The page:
Alkanes are the simplest structurally and least reactive hydrocarbon species containing only carbon and hydrogen. The distinguishing feature of alkanes is the lack of double or triple bonds - they are saturated hydrocarbons. The lack of reactivity of alkanes under laboratory conditions makes them quite uninteresting in synthetic organic chemistry.
Saturated hydrocarbon compounds only contain single C-C and C-H sigma bonds. A significant amount of energy is contained within these strong bonds, meaning the oxidation of alkanes can produce huge amounts of heat. This makes alkanes excellent fuels with their most significant reaction being combustion.
Alkenes and alkynes are families of hydrocarbon compounds that contain one or more C-C multiple bonds. In contrast to alkanes, the alkenes and alkynes are highly reactive and provide useful starting materials in synthetic organic chemistry.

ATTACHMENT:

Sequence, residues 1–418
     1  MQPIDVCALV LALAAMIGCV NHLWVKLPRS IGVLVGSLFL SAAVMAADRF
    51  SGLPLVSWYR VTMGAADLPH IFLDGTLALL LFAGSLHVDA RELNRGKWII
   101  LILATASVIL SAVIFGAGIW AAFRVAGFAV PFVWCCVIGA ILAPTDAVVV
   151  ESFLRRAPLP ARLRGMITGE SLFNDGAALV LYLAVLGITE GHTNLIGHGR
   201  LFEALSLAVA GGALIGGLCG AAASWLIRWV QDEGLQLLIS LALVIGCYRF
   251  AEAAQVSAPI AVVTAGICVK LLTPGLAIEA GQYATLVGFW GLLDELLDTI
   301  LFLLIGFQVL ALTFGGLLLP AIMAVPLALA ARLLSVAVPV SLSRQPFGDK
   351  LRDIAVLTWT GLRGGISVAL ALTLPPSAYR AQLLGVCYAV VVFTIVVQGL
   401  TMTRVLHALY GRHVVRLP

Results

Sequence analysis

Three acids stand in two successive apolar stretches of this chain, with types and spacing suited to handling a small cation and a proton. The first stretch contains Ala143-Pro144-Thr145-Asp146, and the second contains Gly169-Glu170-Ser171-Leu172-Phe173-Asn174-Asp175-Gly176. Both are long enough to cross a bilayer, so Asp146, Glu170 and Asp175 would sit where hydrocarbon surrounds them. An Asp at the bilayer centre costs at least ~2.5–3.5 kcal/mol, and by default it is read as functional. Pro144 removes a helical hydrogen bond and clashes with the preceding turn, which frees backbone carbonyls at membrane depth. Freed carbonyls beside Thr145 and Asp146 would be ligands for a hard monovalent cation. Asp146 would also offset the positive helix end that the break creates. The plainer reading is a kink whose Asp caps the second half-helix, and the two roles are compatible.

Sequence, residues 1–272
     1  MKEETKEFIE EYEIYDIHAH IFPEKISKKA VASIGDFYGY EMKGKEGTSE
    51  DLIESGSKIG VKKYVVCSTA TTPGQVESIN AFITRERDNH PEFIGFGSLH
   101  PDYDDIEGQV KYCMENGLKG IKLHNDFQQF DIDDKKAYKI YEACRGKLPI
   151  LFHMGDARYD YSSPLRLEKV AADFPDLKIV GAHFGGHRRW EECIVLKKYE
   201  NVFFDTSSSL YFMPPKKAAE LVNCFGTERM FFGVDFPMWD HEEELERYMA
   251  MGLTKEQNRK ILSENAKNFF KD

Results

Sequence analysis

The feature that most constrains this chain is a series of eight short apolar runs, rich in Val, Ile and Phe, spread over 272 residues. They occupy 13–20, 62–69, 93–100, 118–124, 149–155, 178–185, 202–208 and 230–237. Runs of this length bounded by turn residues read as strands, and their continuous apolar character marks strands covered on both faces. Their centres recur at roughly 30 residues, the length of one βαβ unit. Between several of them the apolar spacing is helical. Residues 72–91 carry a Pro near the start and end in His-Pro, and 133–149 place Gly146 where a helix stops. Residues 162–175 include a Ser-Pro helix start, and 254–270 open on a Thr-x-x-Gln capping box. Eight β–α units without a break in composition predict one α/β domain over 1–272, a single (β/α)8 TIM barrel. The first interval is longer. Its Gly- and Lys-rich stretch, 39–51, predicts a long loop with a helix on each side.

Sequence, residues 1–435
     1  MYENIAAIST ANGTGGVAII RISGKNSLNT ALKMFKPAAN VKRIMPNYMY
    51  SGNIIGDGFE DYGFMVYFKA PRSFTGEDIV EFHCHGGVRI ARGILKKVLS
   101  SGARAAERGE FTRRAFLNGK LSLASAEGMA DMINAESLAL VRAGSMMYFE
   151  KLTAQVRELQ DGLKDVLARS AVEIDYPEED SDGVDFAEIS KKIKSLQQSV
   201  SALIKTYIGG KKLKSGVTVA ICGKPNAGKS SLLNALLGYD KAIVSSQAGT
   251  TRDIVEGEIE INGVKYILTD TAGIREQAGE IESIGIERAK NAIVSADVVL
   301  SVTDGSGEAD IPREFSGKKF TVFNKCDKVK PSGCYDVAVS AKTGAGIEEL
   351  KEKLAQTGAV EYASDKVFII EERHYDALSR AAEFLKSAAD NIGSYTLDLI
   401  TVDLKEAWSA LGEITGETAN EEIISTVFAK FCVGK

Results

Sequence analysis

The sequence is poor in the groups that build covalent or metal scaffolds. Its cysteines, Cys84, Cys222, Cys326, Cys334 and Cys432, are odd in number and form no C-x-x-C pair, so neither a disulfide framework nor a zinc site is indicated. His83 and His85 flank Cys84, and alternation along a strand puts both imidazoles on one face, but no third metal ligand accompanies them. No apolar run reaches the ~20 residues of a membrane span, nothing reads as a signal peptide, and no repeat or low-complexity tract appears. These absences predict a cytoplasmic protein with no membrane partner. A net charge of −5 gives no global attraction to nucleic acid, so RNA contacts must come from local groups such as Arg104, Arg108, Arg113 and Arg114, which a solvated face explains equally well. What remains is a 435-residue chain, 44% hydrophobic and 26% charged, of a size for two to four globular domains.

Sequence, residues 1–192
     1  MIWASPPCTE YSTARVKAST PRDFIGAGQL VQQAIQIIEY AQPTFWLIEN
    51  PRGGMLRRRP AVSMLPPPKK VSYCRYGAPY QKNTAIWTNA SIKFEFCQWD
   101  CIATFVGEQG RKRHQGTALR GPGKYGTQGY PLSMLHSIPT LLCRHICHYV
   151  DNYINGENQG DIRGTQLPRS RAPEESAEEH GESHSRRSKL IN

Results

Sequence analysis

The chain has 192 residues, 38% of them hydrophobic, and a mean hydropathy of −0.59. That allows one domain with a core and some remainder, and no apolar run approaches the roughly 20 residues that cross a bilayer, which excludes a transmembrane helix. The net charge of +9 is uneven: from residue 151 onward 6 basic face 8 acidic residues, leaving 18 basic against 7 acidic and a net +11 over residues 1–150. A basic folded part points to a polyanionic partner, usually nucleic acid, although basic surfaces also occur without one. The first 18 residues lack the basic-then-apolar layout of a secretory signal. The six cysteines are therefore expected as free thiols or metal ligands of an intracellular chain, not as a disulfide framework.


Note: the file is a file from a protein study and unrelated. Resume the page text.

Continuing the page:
Figure 1: Order of hydrocarbon reactivity
Alkenes are relatively stable compounds but are more reactive than alkanes due to the reactivity of the carbon-carbon pi bond. Most reactions of alkenes involve the reaction of an electrophile with the nucleophilic pi bond to form two new, stronger, sigma bonds.
Alkynes are usually more reactive than alkenes because their triple C-C bond contains two pi bonds. This means there are more loosely held pi electrons available for reaction with electrophiles.